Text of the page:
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Pygmy goats are a domesticated breed of goat that are smaller in stature than other goat breeds. They possess an adaptive temperament that makes them suitable for various environments and purposes. While the pygmy goats can be used as a source of milk and meat, few owners use them for this purpose.
These miniature goats were originally discovered in a region of West Africa referred to as the Cameroon Valley. They were referred to as Cameroon dwarf goats or African pygmies by English speakers in Europe. Sweden and Germany were the first European countries to export the goats, which were than purchased by breeders who placed the animals in zoos and classified them as exotic. Later the goats were sent to England from where they were shipped to the United States and Canada and sold to zoos and medical research institutions. The first documented shipment to the United States was received by the Rhue family in California and the Catskill Game Farm in New York.
Female pygmy goats are referred to as does, while the males are called bucks. They range in height from 15 to 23 inches (40 to 55 cm). The does can weigh from 50 to 75 pounds (23 to 34 kg), and the bucks usually weigh between 60 and 86 pounds (27 to 39 kg).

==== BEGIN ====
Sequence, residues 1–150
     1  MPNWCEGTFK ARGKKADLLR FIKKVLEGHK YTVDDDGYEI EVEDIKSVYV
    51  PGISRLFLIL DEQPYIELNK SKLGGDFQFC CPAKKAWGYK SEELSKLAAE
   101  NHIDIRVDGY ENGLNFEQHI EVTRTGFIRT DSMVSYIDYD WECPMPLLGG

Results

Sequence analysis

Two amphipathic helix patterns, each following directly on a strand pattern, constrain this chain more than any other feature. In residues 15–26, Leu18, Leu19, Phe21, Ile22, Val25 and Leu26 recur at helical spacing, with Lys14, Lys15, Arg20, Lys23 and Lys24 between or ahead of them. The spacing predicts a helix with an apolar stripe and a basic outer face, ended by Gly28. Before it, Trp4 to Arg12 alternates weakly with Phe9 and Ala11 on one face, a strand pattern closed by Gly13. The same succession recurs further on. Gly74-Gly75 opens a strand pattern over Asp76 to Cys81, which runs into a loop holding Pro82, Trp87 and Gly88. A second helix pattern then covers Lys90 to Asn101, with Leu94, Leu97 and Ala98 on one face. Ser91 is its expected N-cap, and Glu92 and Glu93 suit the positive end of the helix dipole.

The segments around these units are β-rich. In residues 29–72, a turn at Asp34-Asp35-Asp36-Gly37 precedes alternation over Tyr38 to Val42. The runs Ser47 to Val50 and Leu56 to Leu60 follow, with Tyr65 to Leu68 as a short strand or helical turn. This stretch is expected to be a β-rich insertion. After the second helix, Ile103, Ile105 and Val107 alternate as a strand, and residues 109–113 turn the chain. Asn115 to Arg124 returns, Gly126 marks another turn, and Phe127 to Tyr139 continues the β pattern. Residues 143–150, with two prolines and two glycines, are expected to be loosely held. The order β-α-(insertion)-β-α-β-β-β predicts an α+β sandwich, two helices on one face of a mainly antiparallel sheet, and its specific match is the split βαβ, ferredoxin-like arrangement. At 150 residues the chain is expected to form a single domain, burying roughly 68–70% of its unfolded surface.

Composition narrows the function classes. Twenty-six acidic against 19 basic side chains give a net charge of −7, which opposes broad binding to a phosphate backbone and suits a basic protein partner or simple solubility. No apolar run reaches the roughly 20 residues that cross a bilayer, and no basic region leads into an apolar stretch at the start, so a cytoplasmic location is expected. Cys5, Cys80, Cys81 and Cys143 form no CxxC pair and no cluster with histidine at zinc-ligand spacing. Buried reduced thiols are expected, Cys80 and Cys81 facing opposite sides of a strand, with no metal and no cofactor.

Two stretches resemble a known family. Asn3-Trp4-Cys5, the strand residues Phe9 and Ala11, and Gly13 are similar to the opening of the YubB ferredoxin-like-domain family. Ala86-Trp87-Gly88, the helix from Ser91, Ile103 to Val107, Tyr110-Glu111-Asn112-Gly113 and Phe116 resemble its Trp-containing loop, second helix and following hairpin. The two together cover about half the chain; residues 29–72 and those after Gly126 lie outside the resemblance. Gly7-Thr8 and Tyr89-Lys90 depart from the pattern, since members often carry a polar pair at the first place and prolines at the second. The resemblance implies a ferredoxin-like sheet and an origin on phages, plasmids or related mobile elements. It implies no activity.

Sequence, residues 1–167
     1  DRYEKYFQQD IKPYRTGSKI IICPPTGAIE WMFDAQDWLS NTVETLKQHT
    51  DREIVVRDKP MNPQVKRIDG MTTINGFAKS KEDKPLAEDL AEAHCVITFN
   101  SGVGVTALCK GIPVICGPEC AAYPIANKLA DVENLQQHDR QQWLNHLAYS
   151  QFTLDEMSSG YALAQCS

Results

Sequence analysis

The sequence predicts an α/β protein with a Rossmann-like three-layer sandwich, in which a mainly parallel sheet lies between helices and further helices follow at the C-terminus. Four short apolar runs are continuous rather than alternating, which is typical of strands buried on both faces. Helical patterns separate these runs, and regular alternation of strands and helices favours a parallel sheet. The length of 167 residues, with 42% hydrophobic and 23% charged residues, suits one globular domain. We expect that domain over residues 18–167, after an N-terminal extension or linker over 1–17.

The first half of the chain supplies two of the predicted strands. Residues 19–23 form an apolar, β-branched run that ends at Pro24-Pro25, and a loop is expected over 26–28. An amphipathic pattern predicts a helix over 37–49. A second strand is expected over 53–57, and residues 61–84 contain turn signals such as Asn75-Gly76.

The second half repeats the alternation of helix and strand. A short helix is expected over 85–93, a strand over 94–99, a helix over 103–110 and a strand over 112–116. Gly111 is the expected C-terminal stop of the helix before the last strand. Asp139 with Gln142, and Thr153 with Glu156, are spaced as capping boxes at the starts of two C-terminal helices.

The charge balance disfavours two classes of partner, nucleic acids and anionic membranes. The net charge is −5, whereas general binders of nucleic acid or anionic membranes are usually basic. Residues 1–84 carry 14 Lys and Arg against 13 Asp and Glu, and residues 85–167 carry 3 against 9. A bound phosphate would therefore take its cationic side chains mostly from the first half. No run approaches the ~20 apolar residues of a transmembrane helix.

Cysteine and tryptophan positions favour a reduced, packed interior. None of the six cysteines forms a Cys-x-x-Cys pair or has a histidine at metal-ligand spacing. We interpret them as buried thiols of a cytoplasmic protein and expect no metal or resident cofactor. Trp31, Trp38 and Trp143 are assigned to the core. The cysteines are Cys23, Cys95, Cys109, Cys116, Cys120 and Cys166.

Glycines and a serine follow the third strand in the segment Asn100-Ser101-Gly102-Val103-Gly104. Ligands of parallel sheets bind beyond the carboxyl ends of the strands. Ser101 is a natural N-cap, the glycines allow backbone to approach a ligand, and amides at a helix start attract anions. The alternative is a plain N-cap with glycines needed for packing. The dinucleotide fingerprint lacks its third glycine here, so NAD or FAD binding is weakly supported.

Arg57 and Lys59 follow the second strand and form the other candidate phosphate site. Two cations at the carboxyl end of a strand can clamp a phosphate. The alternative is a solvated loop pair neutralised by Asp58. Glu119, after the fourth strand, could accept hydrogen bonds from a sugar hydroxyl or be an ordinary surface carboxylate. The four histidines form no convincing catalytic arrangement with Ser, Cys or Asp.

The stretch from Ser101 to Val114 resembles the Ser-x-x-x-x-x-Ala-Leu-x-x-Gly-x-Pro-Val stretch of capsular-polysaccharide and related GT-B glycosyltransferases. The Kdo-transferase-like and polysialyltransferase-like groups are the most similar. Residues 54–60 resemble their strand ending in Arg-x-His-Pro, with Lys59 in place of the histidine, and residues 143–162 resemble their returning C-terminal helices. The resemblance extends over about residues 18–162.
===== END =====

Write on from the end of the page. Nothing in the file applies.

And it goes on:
The average lifespan of pygmy goats is between 10 and 15 years. Females are capable of reproducing within two months of birth, though most breeders will wait until the doe is at least 12 to 18 months old. Pygmy goats will reproduce out of normal season and generally produce two kids in gestation periods that span 21 to 22 weeks.
Both sexes have horns, although a doe typically has straight horns and the buck has a curved or spiraling pair. Evidence suggests that the curved formation of horns on the males is the original form. Hair is usually short and smooth, though it can vary between short and medium-long as the seasons, climates, and geography change. Various shades of hair color exist, from white to light browns and reds as well as grays, silvers, and blacks, often with frosted tips. Females generally do not possess a beard, though it is possible. Males can develop a beard and mane that are both long and full.
Like other goat breeds, pygmy goats are highly adaptive animals and can easily adjust to different geographies and climates. Food and nourishment requirements are fairly basic, as the goats are easy to feed, requiring only greens, grains, and fresh water. Due to their diminutive size and easy going manner, pygmy goats are often used solely as pets in many settings, including rural, suburban and urban with no intent by the owner or breeder to acquire milk or meat.
Although owning the Nigerian Dwarf goat may sound like a good idea from a pet owner's perspective, there are some things to consider.
One, should the dwarf goat become agitated, it might line up directly with your reproductive organs and cause general or harmful discomfort should it head butt you in the genitalia. Men are more prone to to reproductive injury then women. Other considerations may be cost, dwelling, and general upkeep of the Nigerian Dwarf goat.
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